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Title: The Best Recipe: By the editors of Cook's Illustrated
Publisher: Boston Common Press
Published: 1999
Price: U.S. $29.95, Canada $39.95

I spent two months drooling over the book on various shelves...it features a cool, blue background, with a perfect looking flan in the foreground.

The name of the book sounds rather terribly self-indulgent, but they take great pains to explain what they mean.

Apparently whenever the folks at Cook's Illustrated want to cook something, they first lay out what the defining characteristics of that dish are.

Brownies? Thick, fudgey, gooey chocolate that's not quite cake, not quite fudge, all delicious. But what could we improve?

And that's always the question. What could be improved about any given dish...flan, brownies, chicken and dumplings, steak, etc.

Each recipe in the book is prefaced with a page or two explaining the process they went through to arrive at their solution, things they tried, what worked, what didn't, and often why. Not only do they test things out in the kitchen, but they consult culinary chemists on why foods react under certain conditions...

In other words, these folks are like engineers of cooking. If they say it's the Best, it's only because it's the best thing they could come up as a group after a battery of tests and try-outs. So perhaps the title should have been The Best We Could Find...

This is what they have to say on the subject:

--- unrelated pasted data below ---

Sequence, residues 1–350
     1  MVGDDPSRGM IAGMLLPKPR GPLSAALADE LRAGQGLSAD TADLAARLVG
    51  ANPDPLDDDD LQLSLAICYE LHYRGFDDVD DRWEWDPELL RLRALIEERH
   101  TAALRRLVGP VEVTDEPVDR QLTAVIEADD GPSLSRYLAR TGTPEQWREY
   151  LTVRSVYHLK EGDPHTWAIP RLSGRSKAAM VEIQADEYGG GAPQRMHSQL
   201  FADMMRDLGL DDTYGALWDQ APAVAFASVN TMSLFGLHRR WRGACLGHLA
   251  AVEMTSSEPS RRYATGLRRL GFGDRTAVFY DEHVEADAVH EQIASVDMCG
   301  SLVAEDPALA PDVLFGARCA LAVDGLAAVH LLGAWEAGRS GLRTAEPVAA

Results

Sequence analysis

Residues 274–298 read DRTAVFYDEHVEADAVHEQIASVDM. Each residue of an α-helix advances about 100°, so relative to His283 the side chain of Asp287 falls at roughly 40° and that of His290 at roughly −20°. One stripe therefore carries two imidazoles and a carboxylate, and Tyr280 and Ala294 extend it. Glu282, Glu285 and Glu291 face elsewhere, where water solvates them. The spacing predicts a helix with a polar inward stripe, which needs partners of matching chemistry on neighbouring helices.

• "One might comment that any cookbook titled The Best Recipe has a great deal to prove. On the face of it, the notion that any one cookbook has the "best" recipes seems far-fetched, even outrageous. Yet, in choosing this title, our intent was to convey the process by which the editors of Cook's Illustrated magazine develop recipes. We start with a stated goal - the "best" meatloaf or the "best" chocolate pudding - and then proceed to a blind taste test in which a half-dozen or so recipes are sampled from various cookbooks. We then set out what, for us, is the ideal version of the recipe under consideration and proceed to develop it through a long, arduous process of testing and research. This does not mean that reasonable folks can't disagree on what defines the ideal chocolate chip cookie or the perfect roast chicken or that we always achieve our goals. Yet this group process does rule out methods that are less successful and recipes that are less than foolproof. In fact, this process has led us to the conclusion that much of cooking is indeed objective. One can say something definitive about roasting temperatures for different cuts of meat; one can clearly taste the difference between butter and vegetable shortening in cakes and cookies. These discoveries are the foundation of good cooking, on which one can layer elements of personal taste."

  • So far, every recipe I've made from the book has been delicious. Often different from what I'm used to, such as in the case of the banana bread, but still well worth doing. A further warning: This is not a book for people looking for health food...it's a full cook book, making rich stuff, and is only for those who want to muck about with the type of thing that will have you washing all of your heavy pots a couple of times...in other words, fun.

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